Friday, June 14, 2024

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From the Med to the Baltic

Ayşe Senem Abacı is a young Turkish Global Talent Attraction Specialist who has been living in Warsaw for four years. After completing her master’s degree at the College of Europe in Warsaw, she continues to live here. She talked with Poland Weekly about her adventure from the Mediterranean to Poland and her life in Warsaw.

Could you briefly tell us about yourself?

I am a 26 years old Turkish woman living in Warsaw since 2019. I started my master’s degree at the College of Europe after a bachelor’s in France. I was looking to develop myself in political science or commerce. When I noticed the master’s degree programs in Warsaw, I realized this was what I was looking for. I was attracted to quality education, so I applied and here I am. During my master’s, everything stopped due to COVID-19. I found myself in a campus where many international people were stranded. This wonderful environment made everything easy. I felt safe in Warsaw. After that, I worked at a trade center fair for a year. I continue my project-based work there. I improved my professional side and today I am working as a recruiter specialist. I also love music, I have a band with my partner and I am the soloist.

Turkey, Italy, Greece, France and finally Poland… What is the story of this route?

It was the story of my father’s decision to make a career in diplomacy. I was born in Tel Aviv, Israel. After two years there, we returned to Ankara, Turkey. I started to study in a French high school in Ankara and this education system gives you continuity while travelling to different countries. My second language is French thanks to my high school education and I speak as comfortably as my native language. That’s how I found myself studying for a bachelor’s in France. Thanks to my mother, I can also speak Greek as a native language. I spent part of my childhood in Greece. During my travels, I was also in Italy, which has a magnificent cultural wealth. I am in Poland today to improve myself. I have finished my master’s degree and focus on becoming a professional in my career. I experience every day that it was the right decision.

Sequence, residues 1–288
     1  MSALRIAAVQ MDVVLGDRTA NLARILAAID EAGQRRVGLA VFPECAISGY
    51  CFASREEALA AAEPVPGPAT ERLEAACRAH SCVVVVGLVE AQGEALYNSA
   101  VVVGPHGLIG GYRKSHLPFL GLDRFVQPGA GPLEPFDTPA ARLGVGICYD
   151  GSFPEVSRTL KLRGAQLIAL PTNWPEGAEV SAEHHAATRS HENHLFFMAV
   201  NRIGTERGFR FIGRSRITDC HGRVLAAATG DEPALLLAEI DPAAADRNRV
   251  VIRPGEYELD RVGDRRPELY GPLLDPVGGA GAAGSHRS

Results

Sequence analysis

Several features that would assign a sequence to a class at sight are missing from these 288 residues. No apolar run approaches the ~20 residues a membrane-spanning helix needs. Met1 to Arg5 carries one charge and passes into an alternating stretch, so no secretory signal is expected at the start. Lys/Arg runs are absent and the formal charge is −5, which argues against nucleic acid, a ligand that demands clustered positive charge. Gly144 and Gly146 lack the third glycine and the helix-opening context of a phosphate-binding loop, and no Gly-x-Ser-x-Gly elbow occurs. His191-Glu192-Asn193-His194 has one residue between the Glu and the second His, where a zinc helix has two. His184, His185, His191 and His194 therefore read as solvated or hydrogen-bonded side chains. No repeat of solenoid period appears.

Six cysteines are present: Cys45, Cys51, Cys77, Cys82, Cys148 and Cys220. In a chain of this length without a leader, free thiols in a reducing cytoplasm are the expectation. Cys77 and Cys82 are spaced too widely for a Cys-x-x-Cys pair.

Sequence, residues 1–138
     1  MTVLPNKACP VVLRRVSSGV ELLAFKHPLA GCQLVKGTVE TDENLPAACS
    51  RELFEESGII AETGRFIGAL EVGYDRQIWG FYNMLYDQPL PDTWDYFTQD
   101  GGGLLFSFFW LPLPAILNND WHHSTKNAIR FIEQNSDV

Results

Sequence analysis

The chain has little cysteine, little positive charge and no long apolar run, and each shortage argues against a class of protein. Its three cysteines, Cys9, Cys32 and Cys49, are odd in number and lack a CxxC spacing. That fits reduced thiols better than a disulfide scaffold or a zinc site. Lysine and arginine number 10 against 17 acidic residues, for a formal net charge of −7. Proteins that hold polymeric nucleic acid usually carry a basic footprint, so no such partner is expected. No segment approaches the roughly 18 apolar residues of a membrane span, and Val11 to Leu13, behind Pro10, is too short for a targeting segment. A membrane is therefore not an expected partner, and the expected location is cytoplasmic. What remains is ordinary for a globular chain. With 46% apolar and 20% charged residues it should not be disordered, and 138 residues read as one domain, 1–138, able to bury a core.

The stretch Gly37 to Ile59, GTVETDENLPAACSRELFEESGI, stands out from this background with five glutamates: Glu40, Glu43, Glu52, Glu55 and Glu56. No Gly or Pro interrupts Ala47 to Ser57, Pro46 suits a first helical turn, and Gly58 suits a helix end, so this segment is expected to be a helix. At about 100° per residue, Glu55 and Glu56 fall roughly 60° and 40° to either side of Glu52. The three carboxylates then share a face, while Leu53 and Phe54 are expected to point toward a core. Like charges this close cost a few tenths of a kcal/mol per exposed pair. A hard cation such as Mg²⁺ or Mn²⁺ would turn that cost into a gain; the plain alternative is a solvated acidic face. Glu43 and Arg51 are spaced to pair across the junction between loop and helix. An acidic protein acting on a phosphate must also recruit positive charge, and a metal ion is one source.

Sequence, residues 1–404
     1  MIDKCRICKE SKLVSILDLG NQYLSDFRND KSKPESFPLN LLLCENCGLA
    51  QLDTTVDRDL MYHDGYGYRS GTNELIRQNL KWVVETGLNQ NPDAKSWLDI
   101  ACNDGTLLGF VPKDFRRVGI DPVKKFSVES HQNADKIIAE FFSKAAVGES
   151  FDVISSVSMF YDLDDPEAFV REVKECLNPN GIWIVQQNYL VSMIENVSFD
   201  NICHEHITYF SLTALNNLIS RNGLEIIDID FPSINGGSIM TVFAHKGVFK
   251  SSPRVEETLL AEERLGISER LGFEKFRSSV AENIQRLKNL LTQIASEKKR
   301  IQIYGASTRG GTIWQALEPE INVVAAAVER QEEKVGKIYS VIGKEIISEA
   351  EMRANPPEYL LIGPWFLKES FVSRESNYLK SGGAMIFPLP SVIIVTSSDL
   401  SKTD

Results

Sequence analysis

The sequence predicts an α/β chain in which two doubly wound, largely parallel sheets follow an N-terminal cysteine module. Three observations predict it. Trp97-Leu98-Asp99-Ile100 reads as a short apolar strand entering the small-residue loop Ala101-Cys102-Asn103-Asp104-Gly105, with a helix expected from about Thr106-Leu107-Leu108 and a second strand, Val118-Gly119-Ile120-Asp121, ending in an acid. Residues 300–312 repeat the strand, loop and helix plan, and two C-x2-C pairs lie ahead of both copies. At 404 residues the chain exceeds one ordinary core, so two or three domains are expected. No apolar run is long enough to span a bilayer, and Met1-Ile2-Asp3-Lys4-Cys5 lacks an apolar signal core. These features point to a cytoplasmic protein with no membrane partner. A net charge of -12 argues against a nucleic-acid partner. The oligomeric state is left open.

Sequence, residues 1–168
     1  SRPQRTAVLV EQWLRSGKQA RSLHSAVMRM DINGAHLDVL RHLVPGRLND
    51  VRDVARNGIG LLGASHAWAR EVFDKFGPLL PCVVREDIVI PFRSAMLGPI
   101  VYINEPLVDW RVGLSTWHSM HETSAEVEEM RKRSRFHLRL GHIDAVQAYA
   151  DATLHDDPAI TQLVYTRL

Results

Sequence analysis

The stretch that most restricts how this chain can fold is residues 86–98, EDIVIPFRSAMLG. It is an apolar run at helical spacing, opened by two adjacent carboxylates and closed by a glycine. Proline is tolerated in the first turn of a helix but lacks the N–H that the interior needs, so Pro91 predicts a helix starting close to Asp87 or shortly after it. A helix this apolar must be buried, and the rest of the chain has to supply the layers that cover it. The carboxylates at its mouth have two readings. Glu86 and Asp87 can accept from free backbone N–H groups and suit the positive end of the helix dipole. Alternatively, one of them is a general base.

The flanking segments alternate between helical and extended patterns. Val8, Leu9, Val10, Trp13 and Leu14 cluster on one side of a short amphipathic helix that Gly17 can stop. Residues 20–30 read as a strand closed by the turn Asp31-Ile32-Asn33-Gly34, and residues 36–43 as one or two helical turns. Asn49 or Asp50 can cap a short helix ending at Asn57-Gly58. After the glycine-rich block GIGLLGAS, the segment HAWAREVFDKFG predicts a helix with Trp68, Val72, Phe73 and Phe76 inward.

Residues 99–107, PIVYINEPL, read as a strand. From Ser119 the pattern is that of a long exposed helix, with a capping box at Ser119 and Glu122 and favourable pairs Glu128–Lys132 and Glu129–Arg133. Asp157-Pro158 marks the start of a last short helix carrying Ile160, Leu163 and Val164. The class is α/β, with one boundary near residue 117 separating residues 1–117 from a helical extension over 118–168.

You have an international portfolio and language skills. Was it easy for you to get used to living in Poland?

My language skills are based in Latin languages. I was educated in French. So learning Italian was easy when I was in Rome. But Polish is a Slavic language and it was completely new to what I was accustomed to. The effort needed to learn Polish was far greater. Polish is interesting, you need to pronounce it in a certain way. But I noticed Polish people are extremely sweet and encouraging when they see you put in an effort. In addition, Polish people have got high English language skills but also someone has got anxiety while talking English. I think this is one of the conclusions of pressures in the early education process.

Do you think the climate is harsh in Poland?

I can not sugarcoat it, it is not easy. I am from Antalya, Turkey, which is the most golden part of the Mediterranean. Every summer I go there to recharge. I think the hardest part in Poland is winter. We are kind of trapped in closed spaces in winter and this affects people’s moods badly. I had a hard time at the beginning. After Turkey, Greece, Italy and France, everything seemed very dark in Poland. On the other hand, I love Polish summer, everything is so green and people are more lively. I can observe everybody smiling, wearing the most beautiful clothes, going out, enjoying life. Summertime in Poland makes people happy. We enjoy sunbathing like the symbol of Warsaw, the Mermaid.

Are you having a good time in Poland? In your social life?